NORFOLK — Two police officers who shot and killed a mentally ill man in June of last year used justified force, according to the Norfolk commonwealth’s attorney.
Willie Demetrius James, 43, died on June 2, 2016 after he was shot nine times by Norfolk Police Department officers V.C. Dozier and C.A. Wacker in his family’s home, located in the 400 block of Chapel Street.
Police were initially in the area responding to a stolen car when a witness told them James had punched several of his family members inside the home. Family later told police that James got angry because he thought the officers were in the area after his family called them on him, according to a letter penned by Norfolk Commonwealth’s Attorney Gregory Underwood.
The officers went into the house around 6:45 p.m. and tried to coax James from upstairs. Dozier and Wacker said that James was making angry sounds and noises before he reached into his waistband and pulled out a 7.5-inch kitchen knife and ran down the stairs toward them.
Body camera footage taken by Wacker showed James swinging the knife at Dozier, coming close to his head. Both officers began firing their guns, shooting the weapons 13 times collectively, Underwood wrote.
Dozier said he began firing because of how close the knife came to his head, while Wacker said he thought his partner had been stabbed by James.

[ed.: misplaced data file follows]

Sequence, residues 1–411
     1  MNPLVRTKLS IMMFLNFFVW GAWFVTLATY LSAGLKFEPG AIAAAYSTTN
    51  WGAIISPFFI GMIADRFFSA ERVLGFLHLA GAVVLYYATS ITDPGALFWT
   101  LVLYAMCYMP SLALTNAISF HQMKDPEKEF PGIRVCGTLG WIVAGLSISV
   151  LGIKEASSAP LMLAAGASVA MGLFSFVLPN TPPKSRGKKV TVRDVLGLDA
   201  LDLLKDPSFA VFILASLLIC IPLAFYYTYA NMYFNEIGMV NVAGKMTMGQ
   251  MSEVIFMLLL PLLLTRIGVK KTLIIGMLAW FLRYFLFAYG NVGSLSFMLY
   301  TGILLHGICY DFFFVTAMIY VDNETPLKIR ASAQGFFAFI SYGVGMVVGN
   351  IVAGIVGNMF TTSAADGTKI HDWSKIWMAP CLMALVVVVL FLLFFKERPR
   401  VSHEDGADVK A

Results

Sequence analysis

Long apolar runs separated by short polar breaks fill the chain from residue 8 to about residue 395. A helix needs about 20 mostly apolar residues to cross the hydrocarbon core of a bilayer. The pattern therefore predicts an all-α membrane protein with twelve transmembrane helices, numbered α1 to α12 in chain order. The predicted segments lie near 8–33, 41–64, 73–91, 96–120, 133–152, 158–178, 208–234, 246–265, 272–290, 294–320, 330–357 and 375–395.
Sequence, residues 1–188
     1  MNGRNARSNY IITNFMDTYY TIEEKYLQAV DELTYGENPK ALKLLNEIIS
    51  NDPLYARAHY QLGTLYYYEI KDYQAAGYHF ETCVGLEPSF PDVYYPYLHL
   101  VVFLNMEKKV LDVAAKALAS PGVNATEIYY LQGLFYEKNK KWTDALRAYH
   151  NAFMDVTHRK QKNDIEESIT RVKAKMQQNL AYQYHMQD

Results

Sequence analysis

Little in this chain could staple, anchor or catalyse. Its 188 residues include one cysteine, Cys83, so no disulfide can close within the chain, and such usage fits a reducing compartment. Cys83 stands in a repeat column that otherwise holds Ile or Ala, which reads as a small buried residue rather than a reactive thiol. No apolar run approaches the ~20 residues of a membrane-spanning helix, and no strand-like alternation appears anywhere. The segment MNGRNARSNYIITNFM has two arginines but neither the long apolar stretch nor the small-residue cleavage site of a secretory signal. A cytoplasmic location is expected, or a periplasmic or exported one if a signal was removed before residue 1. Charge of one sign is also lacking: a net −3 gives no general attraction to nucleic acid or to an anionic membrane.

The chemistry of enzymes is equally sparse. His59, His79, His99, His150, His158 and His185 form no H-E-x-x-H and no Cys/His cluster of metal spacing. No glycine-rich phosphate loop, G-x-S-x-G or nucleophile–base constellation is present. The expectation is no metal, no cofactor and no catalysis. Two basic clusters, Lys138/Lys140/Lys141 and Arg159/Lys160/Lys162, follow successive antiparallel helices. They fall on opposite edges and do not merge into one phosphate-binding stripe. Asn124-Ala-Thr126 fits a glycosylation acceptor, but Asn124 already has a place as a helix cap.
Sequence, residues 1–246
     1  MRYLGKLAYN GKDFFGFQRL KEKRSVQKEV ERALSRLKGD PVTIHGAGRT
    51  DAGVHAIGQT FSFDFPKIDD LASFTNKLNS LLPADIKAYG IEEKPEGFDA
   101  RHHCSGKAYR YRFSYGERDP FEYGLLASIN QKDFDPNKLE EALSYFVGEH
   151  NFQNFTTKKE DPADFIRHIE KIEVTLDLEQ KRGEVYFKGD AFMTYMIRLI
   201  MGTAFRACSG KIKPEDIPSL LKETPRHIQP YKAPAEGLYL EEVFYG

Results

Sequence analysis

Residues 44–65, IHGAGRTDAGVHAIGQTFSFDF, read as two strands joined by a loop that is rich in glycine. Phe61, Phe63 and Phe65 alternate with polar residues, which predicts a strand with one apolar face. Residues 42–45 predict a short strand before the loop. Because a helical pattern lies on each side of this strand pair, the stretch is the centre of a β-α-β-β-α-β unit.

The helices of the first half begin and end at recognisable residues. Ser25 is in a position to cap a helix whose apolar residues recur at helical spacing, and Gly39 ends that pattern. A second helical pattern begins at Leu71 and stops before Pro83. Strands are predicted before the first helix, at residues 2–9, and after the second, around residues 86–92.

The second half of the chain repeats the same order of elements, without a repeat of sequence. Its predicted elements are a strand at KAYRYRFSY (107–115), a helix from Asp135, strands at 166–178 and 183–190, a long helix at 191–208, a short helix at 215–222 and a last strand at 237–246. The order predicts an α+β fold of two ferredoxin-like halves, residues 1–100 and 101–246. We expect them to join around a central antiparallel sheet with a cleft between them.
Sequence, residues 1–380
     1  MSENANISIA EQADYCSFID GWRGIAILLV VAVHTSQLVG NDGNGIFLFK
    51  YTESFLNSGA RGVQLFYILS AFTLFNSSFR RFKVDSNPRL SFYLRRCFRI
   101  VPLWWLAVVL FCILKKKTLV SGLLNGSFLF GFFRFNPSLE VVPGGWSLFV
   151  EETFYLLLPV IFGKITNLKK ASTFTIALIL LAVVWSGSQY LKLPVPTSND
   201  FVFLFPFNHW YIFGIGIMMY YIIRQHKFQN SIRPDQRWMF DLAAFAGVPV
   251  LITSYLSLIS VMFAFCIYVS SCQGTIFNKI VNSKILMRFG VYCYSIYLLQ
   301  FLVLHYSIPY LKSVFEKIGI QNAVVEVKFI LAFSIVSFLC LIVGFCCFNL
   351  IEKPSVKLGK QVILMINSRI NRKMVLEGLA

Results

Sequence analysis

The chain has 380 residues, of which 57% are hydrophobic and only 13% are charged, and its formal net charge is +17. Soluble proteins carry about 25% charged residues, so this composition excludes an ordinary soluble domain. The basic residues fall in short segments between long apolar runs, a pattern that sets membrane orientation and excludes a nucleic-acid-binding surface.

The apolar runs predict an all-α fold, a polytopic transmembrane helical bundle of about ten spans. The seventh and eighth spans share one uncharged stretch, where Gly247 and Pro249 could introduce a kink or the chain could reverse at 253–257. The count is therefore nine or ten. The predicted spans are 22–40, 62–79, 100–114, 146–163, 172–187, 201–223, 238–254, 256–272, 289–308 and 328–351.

Although witnesses to the shooting told police that James didn’t have a knife, the body camera footage shows that he did. Dozier and Wacker said the witnesses had moved to the back of the home and the scene was blocked from their view.
James had a “long documented history of mental illness” prior to his death, Underwood wrote, which included spending several years in Virginia mental hospitals and being found “not guilty by reason of insanity” on July 2, 2010 for three counts of assault on a police officer and obstruction of justice.
James spent four years in Central State Hospital and Eastern State hospital before being put on a “conditional release plan” in 2014. Shortly after his release, James relapsed and spent time off and on in Eastern State Hospital, Underwood wrote.
Part of his mental illness included complaints of hearing voices or speaking in strange languages.
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